Putting an end to daily skin piercing for measuring blood sugar level once and for all might be a dream of every patient with diabetes. There is nothing surprising: traditional glucose measurement methods are associated with pain and inconvenience; they may result in a loss of sensation and pose a risk of infection. For several decades, companies all over the globe have made attempts to ease the procedure and make it fully non-invasive by offering various technological solutions, and often rather unexpected ones. For instance, several years ago the Google company announced a smart contact lens project that aimed to help people with diabetes by measuring the glucose levels in their tears. However, most devices still do not guarantee the accuracy of measurements achieved by invasive methods, which is crucially important in the case of diabetes. Besides, virtually all developments required time-consuming and routine calibration procedure. Russian company Brain Beat is seeking to change the situation through developing a project of a non-invasive glucose meter, and plans to launch the product in the market as early as in the second half of 2019.
Invasive method still is use
Today, there is quite a number of glucose measurement devices offered in the market that aim at easing lives of patients through non-invasive methods. The most discussed is the FreeStyle Libre system, which received the approval from the US Food and Drug Administration (FDA) in 2017. To a certain degree, such devices indeed help ease the measurement procedure as they do not imply regular skin piercing. Yet, it is hard to qualify most of them as fully needle-less. The FreeStyle Libre system, for instance, does not require multiple injections to monitor glucose levels. But it does require attaching a sensor on a shoulder area and inserting a glucose sensing filament into the subcutaneous tissue, which needs to be replaced regularly. This technology is minimally invasive. A user receives the data on glucose levels in interstitial fluids using a special reader included in the kit. Sensors have to be replaced every 14 days; a sensor’s price is over RUR 4,000 ($60.1), with the annual costs amounting to about RUR 100,000.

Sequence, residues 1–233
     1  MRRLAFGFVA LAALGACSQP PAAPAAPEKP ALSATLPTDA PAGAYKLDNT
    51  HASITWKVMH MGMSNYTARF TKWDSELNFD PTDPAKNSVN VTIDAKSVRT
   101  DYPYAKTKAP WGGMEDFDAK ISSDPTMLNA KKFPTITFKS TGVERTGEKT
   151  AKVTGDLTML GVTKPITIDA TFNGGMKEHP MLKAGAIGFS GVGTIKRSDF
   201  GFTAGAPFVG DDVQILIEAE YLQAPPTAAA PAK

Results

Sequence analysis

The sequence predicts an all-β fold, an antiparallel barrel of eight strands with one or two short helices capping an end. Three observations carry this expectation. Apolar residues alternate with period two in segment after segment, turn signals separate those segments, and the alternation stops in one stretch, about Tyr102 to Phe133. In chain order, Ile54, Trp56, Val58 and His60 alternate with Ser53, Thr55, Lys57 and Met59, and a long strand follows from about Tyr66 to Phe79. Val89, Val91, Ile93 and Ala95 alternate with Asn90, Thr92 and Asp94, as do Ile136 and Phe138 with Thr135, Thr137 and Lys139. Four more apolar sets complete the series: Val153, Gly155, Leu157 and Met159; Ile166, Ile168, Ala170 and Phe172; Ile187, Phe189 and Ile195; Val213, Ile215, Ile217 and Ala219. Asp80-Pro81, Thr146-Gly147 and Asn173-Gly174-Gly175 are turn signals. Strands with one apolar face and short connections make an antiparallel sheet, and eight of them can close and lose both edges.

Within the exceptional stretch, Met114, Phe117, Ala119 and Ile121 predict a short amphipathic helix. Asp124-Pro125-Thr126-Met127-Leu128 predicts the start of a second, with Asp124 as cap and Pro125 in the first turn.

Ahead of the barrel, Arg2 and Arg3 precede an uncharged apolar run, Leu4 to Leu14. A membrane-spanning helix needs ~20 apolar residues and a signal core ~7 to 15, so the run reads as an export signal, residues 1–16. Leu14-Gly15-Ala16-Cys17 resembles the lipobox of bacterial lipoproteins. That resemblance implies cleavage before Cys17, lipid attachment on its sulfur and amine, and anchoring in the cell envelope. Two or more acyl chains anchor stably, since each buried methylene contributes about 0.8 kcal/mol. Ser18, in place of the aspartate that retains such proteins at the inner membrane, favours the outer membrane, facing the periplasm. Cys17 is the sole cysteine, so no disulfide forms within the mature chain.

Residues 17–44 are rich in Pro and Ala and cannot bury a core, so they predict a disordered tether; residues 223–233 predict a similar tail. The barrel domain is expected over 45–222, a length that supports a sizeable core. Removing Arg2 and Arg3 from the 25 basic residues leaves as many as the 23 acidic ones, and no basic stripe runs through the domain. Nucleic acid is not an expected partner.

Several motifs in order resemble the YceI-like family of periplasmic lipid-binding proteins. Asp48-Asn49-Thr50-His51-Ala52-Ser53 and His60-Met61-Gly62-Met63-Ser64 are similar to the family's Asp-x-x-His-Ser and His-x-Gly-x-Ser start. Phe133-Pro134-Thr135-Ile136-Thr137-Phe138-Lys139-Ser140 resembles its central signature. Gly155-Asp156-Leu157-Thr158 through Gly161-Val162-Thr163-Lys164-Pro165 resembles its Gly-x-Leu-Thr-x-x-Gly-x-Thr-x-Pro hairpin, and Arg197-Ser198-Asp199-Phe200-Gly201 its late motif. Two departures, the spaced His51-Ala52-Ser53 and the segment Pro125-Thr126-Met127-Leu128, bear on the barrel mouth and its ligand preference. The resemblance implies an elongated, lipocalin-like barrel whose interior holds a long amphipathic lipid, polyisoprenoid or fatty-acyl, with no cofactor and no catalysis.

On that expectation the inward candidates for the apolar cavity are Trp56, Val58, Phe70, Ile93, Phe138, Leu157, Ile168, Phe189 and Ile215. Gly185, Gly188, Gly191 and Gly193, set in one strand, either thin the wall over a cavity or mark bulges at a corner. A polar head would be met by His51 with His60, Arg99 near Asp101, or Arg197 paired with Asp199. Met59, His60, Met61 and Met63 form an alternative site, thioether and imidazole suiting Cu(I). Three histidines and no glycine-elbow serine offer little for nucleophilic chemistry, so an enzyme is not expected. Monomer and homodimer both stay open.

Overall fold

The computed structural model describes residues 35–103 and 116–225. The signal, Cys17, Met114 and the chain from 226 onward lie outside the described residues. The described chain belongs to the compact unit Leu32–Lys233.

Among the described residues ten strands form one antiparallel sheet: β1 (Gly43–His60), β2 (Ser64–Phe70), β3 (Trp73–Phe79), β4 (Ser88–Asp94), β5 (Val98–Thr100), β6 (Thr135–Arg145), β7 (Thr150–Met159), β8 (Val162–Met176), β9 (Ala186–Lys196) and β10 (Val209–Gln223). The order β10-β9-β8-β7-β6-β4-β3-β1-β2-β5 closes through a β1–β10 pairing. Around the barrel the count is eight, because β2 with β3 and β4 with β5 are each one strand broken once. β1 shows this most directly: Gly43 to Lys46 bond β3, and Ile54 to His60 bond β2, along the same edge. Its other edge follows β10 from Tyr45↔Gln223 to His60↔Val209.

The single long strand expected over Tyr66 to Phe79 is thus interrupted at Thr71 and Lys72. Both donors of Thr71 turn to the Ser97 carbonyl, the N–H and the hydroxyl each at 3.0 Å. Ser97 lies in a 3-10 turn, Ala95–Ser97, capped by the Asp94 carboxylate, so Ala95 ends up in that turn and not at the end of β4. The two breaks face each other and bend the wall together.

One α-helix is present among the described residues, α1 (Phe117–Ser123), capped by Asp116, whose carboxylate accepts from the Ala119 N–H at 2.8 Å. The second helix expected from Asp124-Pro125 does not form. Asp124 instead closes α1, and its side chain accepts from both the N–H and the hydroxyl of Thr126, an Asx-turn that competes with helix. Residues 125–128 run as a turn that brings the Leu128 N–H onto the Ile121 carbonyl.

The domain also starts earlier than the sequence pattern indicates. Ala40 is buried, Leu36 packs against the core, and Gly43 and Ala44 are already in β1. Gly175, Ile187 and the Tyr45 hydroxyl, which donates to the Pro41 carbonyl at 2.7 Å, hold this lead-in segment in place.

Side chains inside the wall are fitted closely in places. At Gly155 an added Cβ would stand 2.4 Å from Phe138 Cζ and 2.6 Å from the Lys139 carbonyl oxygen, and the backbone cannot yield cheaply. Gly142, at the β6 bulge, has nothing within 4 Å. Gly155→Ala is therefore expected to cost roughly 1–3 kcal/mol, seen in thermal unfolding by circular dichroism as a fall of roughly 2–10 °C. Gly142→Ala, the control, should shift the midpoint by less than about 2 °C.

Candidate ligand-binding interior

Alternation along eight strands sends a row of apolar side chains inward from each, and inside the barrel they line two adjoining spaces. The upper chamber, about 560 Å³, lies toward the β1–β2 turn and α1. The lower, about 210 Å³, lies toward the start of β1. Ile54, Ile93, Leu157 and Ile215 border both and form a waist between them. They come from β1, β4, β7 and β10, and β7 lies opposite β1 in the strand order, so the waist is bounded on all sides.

SugarBEAT, a blood glucose monitoring system being developed by the British company Nemaura Medical, can hardly be called fully non-invasive as well. A transmitter is attached to the skin with an adhesive skin-patch; the device analyses the interstitial fluid composition. A finger prick test is required once a day to calibrate the device. It is recommended that each patch should be used for no more than 24 hours. The Sugarsenz blood glucose monitoring system, being developed by California-based Glucovation, also requires a micro skin prick, with a sensor attached to a patient’s and worn up to seven days.
Also, not all new devices are convenient to use. The GlucoTrack device created by Israel’s Integrity Applications requires placing the ear clip onto the lobe; the sensor measures the temperature and levels of ultrasonic and electromagnetic emissions. The sensor is attached to the device with a data transmitting wire, which considerably reduces the convenience. The device must be calibrated weekly, with expensive expendable materials required.
In recent years, devices have appeared in the market whose developers offer innovative solutions instead of traditional glucose meters to diabetic patients, says Ruslan Altayev, Development and Key Partners Director of the Skolkovo Foundation’s Biomedical Technologies Cluster. However, despite numerous attempts, they can hardly be called successful as regards measurement accuracy.
“There have been attempts worldwide to create a non-invasive glucose meter over the past 30 years, but so far they have failed”, Altayev says.
Measurement inaccuracy allowed for smart gadgets – and not only for those designed for diabetic patients – remains pretty much the key target for criticism from the medical community, and rightly so. In 2016, a research conducted in the US smart bracelet market revealed that such devices can make a heart rate measurement error of up to 25 beats per minute. In 2017, US researchers found that fitness trackers failed to correctly track calories eaten by users, with errors reaching 90% and more.